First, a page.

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Queen Elizabeth’s jewelry collection is one of the most impressive on the planet. It’s filled with gold, platinum, and silver, not to mention the oversized diamonds, rubies, pearls, and other gems. But Her Majesty’s jewels aren’t just for adding a little bling to her wardrobe. Many pieces have fascinating, secret meanings. Especially her collections of stunning brooches.

Queen Elizabeth II smiling during tour of Queen Mother's Square dressed in a baby blue hat and matching blazer
Queen Elizabeth II | Samir Hussein/WireImage

7. Queen Elizabeth’s late husband gave her The Scarab Brooch

In 1966, Prince Philip gave Queen Elizabeth the Scarab Brooch, which gives the piece a special meaning. Designed by Andrew Grima and crafted out of yellow gold, with carved ruby and diamond embellishments, the queen has worn this brooch several times over the years. Most notably, Her Majesty wore it for her and Philip’s official platinum anniversary portrait in 2017.

6. The Flower Basket Brooch

In 1948, the Queen’s parents gave her the Flower Basket Brooch to celebrate the birth of her first child, Prince Charles. Her Majesty wore this piece for her first official portrait with her newborn. Decades later, she wore it to the christening of Charles’ first grandchild — Prince George.

5. The Centenary Rose Brooch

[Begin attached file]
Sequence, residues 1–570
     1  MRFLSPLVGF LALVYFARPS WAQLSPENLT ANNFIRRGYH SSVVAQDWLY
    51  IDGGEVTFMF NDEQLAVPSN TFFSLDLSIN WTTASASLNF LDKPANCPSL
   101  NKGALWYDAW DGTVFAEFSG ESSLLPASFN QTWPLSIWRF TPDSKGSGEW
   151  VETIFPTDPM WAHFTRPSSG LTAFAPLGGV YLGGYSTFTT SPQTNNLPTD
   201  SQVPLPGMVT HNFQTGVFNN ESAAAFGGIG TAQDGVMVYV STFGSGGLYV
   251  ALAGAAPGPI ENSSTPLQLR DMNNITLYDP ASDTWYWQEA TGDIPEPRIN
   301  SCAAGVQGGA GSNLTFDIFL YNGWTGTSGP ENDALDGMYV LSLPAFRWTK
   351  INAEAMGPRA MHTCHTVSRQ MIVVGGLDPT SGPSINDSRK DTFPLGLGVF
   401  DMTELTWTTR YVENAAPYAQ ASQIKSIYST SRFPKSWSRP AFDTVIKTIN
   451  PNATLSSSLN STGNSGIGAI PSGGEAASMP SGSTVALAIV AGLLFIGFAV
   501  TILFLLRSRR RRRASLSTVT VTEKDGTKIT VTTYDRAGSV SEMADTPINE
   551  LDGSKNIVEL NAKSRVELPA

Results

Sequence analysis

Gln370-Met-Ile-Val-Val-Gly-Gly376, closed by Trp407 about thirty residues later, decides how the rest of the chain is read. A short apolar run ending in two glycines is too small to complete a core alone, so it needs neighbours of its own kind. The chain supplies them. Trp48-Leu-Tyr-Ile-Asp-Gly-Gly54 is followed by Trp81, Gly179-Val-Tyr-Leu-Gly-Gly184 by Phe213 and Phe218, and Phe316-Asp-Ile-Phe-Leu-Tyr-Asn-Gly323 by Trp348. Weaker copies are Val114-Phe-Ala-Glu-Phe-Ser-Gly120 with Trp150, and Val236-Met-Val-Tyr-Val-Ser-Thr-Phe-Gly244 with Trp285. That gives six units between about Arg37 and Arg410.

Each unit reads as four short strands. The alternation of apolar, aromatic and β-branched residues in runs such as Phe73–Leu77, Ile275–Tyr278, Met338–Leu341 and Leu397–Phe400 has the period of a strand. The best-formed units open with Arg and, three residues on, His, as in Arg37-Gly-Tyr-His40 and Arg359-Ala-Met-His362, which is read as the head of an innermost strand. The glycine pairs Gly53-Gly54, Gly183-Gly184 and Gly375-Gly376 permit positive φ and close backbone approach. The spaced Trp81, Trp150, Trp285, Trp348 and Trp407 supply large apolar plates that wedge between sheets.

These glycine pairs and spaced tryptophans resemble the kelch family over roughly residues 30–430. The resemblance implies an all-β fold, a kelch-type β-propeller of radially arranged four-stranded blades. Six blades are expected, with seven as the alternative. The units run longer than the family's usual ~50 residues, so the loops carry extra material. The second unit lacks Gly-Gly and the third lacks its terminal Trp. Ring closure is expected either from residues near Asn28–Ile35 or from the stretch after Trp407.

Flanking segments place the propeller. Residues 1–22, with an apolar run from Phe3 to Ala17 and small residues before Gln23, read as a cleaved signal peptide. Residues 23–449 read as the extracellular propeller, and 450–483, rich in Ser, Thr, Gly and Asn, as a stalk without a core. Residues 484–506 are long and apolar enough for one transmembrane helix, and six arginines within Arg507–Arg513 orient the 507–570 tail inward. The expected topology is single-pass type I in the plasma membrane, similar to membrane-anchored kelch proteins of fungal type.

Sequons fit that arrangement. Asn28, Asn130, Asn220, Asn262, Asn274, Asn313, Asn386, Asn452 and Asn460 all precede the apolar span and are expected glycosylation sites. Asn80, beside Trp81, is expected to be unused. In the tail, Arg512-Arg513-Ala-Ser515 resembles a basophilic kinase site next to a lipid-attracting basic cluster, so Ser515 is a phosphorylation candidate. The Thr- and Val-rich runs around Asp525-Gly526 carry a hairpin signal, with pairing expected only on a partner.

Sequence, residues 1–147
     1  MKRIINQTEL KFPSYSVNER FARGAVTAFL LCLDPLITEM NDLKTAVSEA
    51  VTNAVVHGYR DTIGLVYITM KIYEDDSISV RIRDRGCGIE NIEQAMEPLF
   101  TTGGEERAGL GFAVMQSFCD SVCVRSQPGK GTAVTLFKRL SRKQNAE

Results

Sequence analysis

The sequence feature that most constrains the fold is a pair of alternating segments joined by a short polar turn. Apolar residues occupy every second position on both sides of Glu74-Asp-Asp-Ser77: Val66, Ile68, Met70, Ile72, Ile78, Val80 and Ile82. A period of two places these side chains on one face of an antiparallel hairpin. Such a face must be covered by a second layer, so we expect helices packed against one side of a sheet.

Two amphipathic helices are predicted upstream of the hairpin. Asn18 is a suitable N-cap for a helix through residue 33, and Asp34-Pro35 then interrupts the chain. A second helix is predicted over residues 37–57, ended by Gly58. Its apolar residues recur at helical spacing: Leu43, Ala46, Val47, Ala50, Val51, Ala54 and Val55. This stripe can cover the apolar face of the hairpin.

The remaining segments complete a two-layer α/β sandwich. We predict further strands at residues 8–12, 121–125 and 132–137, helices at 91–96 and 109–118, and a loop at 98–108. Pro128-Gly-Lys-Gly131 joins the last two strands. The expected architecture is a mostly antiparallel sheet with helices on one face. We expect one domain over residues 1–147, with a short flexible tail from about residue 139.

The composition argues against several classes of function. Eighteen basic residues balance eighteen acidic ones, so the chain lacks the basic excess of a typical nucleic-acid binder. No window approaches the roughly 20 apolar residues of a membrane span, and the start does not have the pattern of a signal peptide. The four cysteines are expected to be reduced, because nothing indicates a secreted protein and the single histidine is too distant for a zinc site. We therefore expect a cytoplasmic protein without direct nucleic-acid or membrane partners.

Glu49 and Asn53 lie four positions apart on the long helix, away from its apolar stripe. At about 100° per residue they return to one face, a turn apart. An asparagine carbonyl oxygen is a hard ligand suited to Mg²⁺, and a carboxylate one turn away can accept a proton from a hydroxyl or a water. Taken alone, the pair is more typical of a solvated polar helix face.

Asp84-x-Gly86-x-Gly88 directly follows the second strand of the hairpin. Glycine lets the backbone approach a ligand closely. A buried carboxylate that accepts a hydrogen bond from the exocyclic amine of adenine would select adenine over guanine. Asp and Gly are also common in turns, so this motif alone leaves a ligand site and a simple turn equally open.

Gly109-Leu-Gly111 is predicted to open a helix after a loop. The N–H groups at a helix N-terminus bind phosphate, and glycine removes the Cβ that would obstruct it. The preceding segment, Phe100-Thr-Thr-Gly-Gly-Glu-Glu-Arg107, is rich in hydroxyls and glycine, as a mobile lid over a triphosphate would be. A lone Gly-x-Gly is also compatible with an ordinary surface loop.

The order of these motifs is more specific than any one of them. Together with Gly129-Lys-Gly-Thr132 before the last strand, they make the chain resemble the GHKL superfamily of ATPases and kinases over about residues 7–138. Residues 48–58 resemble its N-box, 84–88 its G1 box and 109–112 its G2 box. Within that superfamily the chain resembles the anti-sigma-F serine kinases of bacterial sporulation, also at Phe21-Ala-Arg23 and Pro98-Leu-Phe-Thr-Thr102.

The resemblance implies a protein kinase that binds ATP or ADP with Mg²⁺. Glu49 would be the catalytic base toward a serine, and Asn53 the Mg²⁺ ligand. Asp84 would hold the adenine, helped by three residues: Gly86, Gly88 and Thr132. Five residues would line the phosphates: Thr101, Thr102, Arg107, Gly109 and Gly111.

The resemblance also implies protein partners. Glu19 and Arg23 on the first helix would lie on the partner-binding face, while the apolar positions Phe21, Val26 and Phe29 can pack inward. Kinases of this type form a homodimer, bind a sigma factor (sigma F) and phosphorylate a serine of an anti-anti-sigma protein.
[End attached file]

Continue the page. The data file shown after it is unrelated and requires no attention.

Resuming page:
For the Queen Mother’s 100th birthday, Her Majesty commissioned the Centenary Rose Brooch, which is framed by 100 diamonds. Made by Collins and Sons, this brooch features a hand-painted Queen Elizabeth Grandiflora Rose on rock crystal. The Queen Elizabeth Grandiflora Rose was a special flower bred for Her Majesty’s coronation in 1953.

4. Queen Elizabeth wears the Maple Leaf Brooch when she visits Canada

First owned by the Queen Mother, the Maple Leaf Brooch was a gift to Her Majesty from her father King George VI. In the spring of 1939 – just before the outbreak of World War II – Elizabeth and her father made a state visit to Canada.

Made by Asprey, the brooch features diamonds set in platinum in the form of the Canadian Sugar Maple, the national emblem of Canada. Over the years, the queen has worn this brooch for Canadian-focused events.

Her Majesty also has a New Zealand Silver Fern Brooch that was gifted to her by the “women of Auckland” during a visit in the 1950s. Designed in the shape of a fern, the queen still wears this piece when visiting – you guessed it – New Zealand.

3. The Prince Albert Brooch

The legacy of this piece dates back to the days of Queen Victoria. The Prince Albert Brooch is a gold-set sapphire and diamond piece that Prince Albert gifted to his wife the day before their wedding. Queen Victoria then decided to wear the brooch on her wedding gown.

In her will, Victoria designated the piece of jewelry as an heirloom of the crown. This means that the subsequent reigning monarch would inherit it. Every queen and queen consort has worn the brooch since Victoria’s death. Including Queen Elizabeth, who wears it quite often.

2. The Duchy of Lancaster Brooch

Just like every other monarch since 1399, Queen Elizabeth also holds another title – the Duke of Lancaster. The Duchy of Lancaster is a key source of income for the royal family. And the queen often wears this brooch that mimics the Duchy’s coat of arms when she visits Lancaster.


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1. Queen Elizabeth wears the Chelsea Iris Brooch to one of her favorite events

One of Queen Elizabeth’s favorite annual events is the Chelsea Flower Show, which is put on by the Royal Horticultural Society (RHS). As their royal patron, the RHS gave the queen the Chelsea Iris Brooch to mark her Diamond Jubilee. It’s in the shape of a flower that’s associated with the show, the Iris Unguicularis.